A special someone stopped by to give LAMA’s “lowenders” a lesson this week. In case you weren’t aware, Rufus Philpot is BEAST! Photos via bass department chair Jerry Watts’ Instagram (@j_double_diz)
Rufus Philpot BIO:
Ten years ago, bassist Rufus Philpot moved from his native land of London, England to the United States to pursue his musical vision. His first port of call was New York City. Whilst there, he rapidly became a much sought after bassist, with a reputation for his complete versatility, musicality and total command of the instrument, whether on fretted, fretless, four, five or six string..
Rufus was also invited to join the faculty of the world renowned Drummers / Bass Collective. In addition to teaching advanced classes with Tania Maria drummer Kim Plainfield, he performed regular seminar concerts with his own trio, JVR-featuring Spyro Gyra & Michel Camilo drummer Joel Rosenblatt.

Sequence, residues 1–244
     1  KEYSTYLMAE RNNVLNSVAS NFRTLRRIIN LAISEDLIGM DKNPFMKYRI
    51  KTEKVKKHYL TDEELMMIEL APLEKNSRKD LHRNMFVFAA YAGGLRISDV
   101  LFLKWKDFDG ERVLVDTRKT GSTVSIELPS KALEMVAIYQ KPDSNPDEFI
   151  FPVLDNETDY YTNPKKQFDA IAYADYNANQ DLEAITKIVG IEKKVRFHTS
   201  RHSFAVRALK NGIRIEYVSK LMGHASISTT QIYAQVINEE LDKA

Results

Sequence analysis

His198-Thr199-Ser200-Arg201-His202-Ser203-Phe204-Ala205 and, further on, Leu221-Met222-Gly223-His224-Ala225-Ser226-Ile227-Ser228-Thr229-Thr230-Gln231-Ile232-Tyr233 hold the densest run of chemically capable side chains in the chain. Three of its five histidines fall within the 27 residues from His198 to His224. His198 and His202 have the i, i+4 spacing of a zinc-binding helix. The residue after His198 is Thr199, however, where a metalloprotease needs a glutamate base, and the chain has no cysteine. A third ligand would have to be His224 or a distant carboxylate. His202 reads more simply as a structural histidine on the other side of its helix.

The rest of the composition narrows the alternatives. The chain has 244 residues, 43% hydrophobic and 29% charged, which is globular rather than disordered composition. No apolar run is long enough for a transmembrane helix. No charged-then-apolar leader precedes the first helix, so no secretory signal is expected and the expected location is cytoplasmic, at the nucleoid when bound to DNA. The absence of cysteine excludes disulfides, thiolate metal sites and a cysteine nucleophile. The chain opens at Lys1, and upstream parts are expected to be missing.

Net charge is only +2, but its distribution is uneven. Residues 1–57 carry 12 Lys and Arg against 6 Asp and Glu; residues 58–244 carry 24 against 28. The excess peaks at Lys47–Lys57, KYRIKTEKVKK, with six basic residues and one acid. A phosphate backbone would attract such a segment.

In 2004, Rufus moved to Los Angeles, touring the U.S. with British Acid Jazz group Down to the Bone (acting as Musical Director), playing in a trio with Kirk Civington;s CPT Kirk, touring with Lao Tizer-and playing locally with such virtuosi as Scott Henderson, Steve Weingart, Tony Macalpine, Brandon Fields, Joel Taylor, and Mitch Forman.
Read the rest of Rufus’ complete bio here: http://www.rufusbass.com/bio.html
Tech and repair expert (and guitarist) Tina Wood visited LAMA for a master class, showing our “low-enders” what it’s all about! Bass department Chair Jerry Watts, Jr. shot a couple photos through his Instagram. Everyone had a great time learning from her — she has a new fan club 🙂 The LAMA students love master classes like these…we have them for all departments and more are coming soon!